Could this new material speed computing?

Physicists at the U.S. Department of Energy's Ames Laboratory have discovered a topological metal, PtSn4 (platinum and tin), with a unique electronic structure that may someday lead to energy efficient computers with increased processor speeds and data storage.

The electrons in topological quantum materials can travel close to speed of light thanks to unique property called Dirac dispersion. Up until now, only isolated points, called Dirac points, with relatively small numbers of conduction electrons, were known to exist in such materials. In PtSn4, the scientists not only discovered a high density of conduction electrons, but also large number of closely positioned Dirac points forming extended lines or Dirac node arcs.

"This type of electron transport is very special," said Adam Kaminski, Ames Laboratory scientist and professor at Iowa State University's Department of Physics and Astronomy. "Our research has been able to associate the extreme magnetoresistance with novel features in their electronic structure, which may lead to future improvements in computer speed, efficiency and data storage."

The discovery was made using a laser-based angle-resolved photoemission spectroscopy (ARPES) instrument, which was developed at Ames Laboratory by Kaminski, and the measurement provides high-resolution details of the electronic properties of materials.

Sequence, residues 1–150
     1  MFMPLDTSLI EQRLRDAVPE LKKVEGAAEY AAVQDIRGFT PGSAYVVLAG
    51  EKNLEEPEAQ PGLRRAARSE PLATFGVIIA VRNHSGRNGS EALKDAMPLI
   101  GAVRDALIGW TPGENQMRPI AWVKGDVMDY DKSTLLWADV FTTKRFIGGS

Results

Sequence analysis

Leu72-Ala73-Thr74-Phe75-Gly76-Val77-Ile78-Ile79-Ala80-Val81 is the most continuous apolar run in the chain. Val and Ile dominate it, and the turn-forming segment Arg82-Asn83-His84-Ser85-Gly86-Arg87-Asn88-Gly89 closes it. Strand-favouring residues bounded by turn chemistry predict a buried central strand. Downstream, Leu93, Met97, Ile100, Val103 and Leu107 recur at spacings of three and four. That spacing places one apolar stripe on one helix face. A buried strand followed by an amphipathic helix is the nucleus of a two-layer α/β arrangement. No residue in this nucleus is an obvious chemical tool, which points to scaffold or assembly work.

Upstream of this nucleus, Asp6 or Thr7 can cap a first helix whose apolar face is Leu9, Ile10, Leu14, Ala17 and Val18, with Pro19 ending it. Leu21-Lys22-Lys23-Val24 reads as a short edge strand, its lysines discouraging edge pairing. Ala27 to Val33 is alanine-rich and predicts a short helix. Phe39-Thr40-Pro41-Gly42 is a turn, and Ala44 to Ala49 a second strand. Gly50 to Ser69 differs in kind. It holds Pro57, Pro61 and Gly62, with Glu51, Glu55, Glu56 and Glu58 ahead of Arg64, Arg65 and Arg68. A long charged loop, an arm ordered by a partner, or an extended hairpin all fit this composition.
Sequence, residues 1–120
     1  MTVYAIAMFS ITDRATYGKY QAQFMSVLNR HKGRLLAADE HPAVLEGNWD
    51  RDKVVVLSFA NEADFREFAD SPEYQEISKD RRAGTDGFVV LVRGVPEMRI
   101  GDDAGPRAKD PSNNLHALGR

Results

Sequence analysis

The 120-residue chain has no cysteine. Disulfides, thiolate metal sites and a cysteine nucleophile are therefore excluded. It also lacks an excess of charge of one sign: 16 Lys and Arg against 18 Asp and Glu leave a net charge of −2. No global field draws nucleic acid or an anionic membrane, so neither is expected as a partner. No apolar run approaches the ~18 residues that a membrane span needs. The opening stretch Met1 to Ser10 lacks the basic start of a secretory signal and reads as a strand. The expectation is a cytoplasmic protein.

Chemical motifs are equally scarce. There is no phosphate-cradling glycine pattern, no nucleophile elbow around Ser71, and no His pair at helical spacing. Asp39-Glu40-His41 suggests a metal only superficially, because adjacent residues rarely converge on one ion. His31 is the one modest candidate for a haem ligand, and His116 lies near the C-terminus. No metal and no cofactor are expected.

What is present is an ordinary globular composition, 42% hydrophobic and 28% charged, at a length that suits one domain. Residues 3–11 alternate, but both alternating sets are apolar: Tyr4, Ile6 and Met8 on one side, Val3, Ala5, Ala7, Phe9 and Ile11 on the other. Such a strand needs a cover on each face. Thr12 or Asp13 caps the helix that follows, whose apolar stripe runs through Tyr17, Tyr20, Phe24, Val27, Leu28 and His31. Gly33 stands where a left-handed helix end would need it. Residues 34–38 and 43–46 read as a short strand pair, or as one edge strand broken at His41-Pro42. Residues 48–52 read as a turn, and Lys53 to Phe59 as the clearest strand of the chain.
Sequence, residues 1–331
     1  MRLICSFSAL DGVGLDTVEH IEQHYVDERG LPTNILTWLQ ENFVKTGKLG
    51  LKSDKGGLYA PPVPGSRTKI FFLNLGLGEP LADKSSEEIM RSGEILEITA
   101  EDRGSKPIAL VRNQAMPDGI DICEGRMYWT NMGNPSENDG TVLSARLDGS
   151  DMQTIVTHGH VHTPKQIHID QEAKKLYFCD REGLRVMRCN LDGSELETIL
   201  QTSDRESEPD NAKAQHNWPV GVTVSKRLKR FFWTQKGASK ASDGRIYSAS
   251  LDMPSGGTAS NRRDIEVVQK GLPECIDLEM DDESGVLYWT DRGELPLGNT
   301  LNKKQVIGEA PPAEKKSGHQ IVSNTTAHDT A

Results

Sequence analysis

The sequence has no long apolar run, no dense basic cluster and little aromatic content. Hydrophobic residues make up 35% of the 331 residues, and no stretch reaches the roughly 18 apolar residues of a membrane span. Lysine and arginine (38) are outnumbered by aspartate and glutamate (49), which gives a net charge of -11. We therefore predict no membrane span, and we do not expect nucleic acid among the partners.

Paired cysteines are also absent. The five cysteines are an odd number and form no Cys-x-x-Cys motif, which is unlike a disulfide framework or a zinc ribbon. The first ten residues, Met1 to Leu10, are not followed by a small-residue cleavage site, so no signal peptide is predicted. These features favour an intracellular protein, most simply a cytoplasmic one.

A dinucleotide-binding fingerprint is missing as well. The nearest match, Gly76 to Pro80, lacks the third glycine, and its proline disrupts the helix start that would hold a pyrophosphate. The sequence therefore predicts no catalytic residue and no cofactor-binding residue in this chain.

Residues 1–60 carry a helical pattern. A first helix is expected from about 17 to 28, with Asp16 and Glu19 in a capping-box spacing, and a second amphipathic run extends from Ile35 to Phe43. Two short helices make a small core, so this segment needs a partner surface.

"Laser ARPES has given us unprecedented tunability and resolution for visualizing these remarkable properties in laboratory environments," said Paul Canfield, Ames Laboratory scientist and Distinguished Professor of Physics and Astronomy at Iowa State University.

"Combining it with Ames Laboratory's computational modeling abilities and our 80-year reputation in designing and growing new materials has led to our success in this discovery."


"Dirac Node Arcs in PtSn4", published inNature Physics and co-authored by Yun Wu, Lin-Lin Wang, Eundeok Mun, D. D. Johnson, Daixiang Mou, Lunan Huang, Yongbin Lee, S.L. Bud'ko, P.C. Canfield, and Adam Kaminski.

Ames Laboratory

#MaterialScience #QuantumMechanics #Nanoelectronics




Lighting the way to selective membrane imaging

Novel magnetic spray transforms objects into millirobots for biomedical applications

A DNA-based nanogel for targeted chemotherapy

A pressure sensor at your fingertips

A filter for environmental remediation

Predicting forces between oddly shaped nanoparticles

One-way street for electrons